Interview: Mike Pinto

Interview: Mike Pinto


Mike Pinto has been fairly quiet since his last album Truthful Lies was released in 2013 as fans have been anxiously awaiting more shows and new material. The Pier recently caught up with the storyteller-songwriter during his current West Coast tour on his stop in Tacoma, WA. The Pier took some time to get the latest scoop on where he’s been and what new music he’s been playing live, along with progress on his next studio album influenced by his relocation in addition to some surprise collaborations, and more!

Interview: Mike Pinto

So what’s new in the world of Mike Pinto?
Mike Pinto: Everything! I’m in a new city. I was really looking forward to a move for the creative side of it. I’m very influenced by my environment around me. I’ve been in San Diego for nearly 10 years and I wanted to see what else I had to bring to the table. So I think moving to Oregon was a good move for me and for my relationship, which has been great and also brings new additions to my material. So everything’s exciting right now.

I’ve been teetering between 2 genres: the reggae and ska that I’ve been kind of known for, and then the folk and rock that I’ve definitely been getting drawn into. My last record was basically split and may have confused people. Basically, folk mixed with a “Johnny Cash bravado” is making it’s way into my music, and I’m still trying to tell a good story. So that’s all new; trying to navigate Mike Pinto Livewhere I want to go creatively. It seems like right now, I’ve been wanting to put out the different stuff individually and that’s why you haven’t heard much from me lately; all my new stuff has been kind of split down the middle. I have more than a record’s worth of material, but it’s split between the two [genres] and I want to separate them.

When I do release something new it will probably be a double album with the 2 different genres. There’s a flow to one record and then a flow to the other that are independent of each-other. Because as far as listeners go on my last record, they were drawn to one side or the other, but you don’t realize that until after. So I decided I better take my time on the material and put it where it’s supposed to be. I think it’s the right thing to do, artistically. Last time I was just firing out songs and letting them land wherever. I didn’t really care, I just wanted to show a certain type of range. But I didn’t realize at that time that the album needed to have some context. I’m not a singles type of guy and I know people like singles, but I like to have a concept. And now that I’m in Oregon and the Pacific North-West, I can use that in my music.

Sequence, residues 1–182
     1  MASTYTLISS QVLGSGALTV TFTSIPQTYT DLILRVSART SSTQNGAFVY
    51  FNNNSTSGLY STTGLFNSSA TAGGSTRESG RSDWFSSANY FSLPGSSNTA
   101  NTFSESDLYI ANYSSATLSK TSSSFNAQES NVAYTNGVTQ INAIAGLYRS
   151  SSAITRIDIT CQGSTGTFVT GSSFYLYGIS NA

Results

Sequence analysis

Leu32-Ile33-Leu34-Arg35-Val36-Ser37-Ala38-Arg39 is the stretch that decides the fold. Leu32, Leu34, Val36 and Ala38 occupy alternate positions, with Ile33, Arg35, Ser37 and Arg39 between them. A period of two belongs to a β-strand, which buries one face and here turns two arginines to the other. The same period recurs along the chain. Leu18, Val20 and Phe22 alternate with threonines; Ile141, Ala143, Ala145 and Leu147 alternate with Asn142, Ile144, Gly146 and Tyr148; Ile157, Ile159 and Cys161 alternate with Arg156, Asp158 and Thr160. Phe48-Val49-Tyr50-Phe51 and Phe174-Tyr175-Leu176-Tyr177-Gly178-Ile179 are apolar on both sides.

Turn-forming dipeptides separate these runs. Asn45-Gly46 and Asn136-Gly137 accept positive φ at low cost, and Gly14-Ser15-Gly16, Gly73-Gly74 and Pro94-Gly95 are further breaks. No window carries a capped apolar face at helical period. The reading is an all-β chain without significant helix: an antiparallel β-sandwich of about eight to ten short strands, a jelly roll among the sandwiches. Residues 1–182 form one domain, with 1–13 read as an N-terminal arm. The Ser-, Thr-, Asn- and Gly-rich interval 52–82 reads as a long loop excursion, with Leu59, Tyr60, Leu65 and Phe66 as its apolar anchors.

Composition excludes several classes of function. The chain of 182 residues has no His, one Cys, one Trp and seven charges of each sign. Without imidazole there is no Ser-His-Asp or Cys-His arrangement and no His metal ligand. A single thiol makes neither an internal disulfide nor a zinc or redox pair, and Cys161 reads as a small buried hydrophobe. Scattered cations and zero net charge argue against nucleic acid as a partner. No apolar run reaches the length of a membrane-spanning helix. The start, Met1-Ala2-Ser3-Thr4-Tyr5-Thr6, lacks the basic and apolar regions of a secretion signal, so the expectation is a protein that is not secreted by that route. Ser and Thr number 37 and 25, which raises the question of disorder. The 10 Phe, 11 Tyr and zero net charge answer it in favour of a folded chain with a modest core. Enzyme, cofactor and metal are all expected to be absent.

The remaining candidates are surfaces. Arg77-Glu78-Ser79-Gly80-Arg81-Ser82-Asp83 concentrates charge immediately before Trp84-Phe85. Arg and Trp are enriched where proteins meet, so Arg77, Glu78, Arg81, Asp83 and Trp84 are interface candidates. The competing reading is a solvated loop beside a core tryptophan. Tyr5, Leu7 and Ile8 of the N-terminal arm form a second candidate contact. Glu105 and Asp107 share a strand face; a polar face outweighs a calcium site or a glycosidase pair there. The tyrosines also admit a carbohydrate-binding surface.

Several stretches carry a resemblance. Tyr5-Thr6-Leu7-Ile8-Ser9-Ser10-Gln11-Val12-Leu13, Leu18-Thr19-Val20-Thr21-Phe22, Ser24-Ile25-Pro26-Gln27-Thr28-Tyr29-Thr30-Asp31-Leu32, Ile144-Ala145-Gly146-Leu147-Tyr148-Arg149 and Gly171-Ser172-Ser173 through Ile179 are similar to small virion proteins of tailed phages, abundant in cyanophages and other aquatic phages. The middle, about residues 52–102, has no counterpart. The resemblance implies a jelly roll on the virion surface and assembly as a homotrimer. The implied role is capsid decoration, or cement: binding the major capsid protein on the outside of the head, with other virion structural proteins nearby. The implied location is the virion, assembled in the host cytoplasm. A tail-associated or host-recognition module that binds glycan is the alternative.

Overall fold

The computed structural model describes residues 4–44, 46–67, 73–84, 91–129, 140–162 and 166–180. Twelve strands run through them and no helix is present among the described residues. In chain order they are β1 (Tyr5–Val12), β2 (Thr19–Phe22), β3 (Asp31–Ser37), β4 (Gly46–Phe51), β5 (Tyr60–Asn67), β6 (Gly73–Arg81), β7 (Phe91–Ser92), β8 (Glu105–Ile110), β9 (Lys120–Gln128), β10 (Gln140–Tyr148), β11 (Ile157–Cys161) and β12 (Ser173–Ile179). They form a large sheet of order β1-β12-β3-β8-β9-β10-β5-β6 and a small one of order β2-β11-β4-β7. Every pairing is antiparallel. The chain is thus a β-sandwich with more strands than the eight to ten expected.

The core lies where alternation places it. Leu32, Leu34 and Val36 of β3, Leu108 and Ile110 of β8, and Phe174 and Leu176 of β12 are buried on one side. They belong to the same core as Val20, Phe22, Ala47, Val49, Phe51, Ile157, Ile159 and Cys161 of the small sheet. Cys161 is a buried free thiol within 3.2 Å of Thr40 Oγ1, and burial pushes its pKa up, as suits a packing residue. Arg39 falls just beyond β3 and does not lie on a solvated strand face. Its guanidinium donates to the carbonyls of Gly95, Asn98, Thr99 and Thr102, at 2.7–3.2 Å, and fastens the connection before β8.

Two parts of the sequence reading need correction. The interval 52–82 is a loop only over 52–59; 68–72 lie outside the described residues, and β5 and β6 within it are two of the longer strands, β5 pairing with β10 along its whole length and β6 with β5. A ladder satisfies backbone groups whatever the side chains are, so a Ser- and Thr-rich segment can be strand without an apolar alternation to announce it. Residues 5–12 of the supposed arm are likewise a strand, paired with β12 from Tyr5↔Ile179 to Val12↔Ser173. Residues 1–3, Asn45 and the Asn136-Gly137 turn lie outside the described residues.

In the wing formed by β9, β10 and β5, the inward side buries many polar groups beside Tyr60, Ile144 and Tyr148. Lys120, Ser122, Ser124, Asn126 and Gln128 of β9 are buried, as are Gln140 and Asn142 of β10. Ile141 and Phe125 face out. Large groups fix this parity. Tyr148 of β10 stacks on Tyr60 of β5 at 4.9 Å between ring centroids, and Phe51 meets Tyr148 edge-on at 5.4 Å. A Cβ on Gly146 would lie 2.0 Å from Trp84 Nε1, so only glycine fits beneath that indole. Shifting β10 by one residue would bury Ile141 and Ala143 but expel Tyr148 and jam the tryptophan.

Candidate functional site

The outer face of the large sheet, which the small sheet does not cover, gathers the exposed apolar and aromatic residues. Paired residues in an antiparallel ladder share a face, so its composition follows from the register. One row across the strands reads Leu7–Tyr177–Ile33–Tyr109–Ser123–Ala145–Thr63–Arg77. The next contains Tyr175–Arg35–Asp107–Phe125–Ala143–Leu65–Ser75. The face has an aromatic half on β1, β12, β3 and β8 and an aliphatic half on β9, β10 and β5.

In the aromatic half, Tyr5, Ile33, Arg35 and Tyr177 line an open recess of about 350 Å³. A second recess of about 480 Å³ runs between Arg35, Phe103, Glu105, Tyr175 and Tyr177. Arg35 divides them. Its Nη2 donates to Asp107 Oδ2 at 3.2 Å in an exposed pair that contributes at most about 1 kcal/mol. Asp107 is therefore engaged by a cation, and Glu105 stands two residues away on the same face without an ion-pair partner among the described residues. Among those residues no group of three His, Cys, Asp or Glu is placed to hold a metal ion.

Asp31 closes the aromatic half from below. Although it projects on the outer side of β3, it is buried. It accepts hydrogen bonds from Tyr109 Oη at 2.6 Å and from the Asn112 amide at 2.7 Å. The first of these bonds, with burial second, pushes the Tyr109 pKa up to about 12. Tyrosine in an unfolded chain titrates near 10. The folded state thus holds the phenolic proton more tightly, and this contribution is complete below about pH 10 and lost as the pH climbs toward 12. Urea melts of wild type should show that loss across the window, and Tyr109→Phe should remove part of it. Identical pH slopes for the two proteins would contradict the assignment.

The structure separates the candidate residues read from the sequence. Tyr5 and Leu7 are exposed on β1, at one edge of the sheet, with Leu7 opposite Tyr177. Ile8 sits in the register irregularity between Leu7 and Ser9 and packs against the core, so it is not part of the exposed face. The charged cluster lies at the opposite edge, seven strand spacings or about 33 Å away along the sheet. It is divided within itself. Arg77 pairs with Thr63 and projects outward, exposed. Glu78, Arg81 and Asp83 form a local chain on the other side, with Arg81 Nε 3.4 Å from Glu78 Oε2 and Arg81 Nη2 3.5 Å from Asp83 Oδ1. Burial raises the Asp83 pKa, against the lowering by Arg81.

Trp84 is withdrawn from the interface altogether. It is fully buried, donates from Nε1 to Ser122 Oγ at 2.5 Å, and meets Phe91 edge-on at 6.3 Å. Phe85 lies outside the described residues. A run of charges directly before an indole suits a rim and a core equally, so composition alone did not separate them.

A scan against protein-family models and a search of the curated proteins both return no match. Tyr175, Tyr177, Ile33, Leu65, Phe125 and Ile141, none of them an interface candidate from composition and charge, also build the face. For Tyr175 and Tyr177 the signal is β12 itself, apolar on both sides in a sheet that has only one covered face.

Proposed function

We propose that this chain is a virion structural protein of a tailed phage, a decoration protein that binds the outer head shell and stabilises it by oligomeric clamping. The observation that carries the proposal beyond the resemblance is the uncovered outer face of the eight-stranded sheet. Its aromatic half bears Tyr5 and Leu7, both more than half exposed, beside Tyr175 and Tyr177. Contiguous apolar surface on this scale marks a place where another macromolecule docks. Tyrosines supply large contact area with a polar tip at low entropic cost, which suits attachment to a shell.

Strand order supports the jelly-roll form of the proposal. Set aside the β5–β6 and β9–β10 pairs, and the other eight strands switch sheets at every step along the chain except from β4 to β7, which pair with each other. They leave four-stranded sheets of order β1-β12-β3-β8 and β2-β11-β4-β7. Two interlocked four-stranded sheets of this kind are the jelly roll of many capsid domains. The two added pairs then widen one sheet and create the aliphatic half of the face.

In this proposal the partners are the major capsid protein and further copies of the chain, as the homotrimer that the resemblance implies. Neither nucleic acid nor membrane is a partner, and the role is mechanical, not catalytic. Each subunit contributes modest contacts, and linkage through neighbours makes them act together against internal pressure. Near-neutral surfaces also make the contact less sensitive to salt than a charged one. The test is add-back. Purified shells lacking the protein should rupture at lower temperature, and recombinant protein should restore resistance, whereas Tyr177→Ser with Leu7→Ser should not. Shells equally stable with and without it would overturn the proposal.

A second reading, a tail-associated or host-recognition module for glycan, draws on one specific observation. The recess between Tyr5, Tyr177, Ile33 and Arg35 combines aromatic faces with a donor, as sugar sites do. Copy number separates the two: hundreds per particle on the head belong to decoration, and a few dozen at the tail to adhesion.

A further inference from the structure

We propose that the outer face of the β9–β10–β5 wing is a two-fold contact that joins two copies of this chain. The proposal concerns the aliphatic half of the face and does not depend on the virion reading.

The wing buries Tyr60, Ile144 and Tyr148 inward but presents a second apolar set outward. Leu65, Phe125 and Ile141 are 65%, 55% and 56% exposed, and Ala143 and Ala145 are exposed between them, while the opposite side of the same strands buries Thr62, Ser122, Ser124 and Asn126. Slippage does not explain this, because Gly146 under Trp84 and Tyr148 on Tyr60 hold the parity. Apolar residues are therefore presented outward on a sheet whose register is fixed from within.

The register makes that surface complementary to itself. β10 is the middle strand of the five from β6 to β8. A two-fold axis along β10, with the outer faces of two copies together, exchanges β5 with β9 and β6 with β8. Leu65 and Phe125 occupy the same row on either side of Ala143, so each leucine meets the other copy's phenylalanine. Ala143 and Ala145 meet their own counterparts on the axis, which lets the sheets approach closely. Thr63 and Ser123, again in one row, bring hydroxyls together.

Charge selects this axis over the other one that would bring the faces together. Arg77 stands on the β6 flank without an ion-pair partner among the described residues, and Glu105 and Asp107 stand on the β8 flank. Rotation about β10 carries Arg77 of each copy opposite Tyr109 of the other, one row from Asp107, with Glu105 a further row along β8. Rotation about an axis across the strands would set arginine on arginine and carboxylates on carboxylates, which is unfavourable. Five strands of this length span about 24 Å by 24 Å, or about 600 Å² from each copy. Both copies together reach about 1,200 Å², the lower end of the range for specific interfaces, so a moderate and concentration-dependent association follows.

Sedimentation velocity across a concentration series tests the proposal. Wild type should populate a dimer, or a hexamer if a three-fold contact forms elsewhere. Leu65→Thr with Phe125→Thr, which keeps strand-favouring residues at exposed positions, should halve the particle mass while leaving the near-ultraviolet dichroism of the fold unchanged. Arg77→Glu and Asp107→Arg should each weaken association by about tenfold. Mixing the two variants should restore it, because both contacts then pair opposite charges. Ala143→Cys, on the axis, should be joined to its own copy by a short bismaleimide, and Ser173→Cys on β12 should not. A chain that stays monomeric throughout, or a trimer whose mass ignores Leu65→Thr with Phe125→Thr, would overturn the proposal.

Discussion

What made you decide to relocate again? How do you think living in the PNW will impact your music?
Mike Pinto: I think folk music is definitely going to thrive; I think there’s more folk in this particular town (Eugene) and quite a few bands that I still need to check out. I’ve heard their names around the scene but I just haven’t got around to it yet.

Yeah, you’ve got Ethan Tucker up here and Rocky Votolato…
Mike Pinto: I know they’re up in the Seattle area, but I’ve been hearing about this band in Eugene called Sol Seed, they’re the only reggae band that I’ve heard of so far that’s actually in Eugene and that I’ve seen through The Pier or stuff like that.

When you were in Seattle last year you introduced us to a new song, “Supply and Demand” — are you playing any of the new songs you mentioned live, yet?
Mike Pinto: I don’t think I’m ready for most of them. I might play one or two but it’s tough, especially with the acoustic shows. I have some acoustic shows coming up and then some full band shows and when you only have 9 minutes and so much material, it’s hard to do the new stuff. I want to give people what they want and what they know. But I might throw in some of the folk stuff in the middle of set when it’s appropriate. You know, where it belongs during the more mellow part of the set. Most of Mike Pinto Livemy sets are mellow in the middle with two extremes in the beginning and the end — take the people for a ride. So if it fits then I’ll squeeze in a couple. I always like feedback but also I don’t want to give too much away early.

[RELATED: LIVE Mike Pinto in Seattle (6/17/15)]

Do you prefer to play live with a full band — or acoustic? What leads to the decision to do one or the other?
Mike Pinto: I think its logistics as of right now. I’m in Oregon now and the guys that I play with are down in Hornitos, CA and they’re the guys playing with Tribal Seeds now and some other LA and Long Beach cats. Right now, because I knew I was moving, it just made sense to do the Washington and Oregon shows acoustic and then have the guys join me down in Arizona and California. And you know, I haven’t as much in WA and OR as I have in CA and AZ; those are probably the states I’ve played the most so I can get a full band in there and there’ll be enough people in the crowd to cover it. If someone up here wanted to pay a bunch of money to bring the guys up then I’d play with a full band all the time. So we’re just working towards that.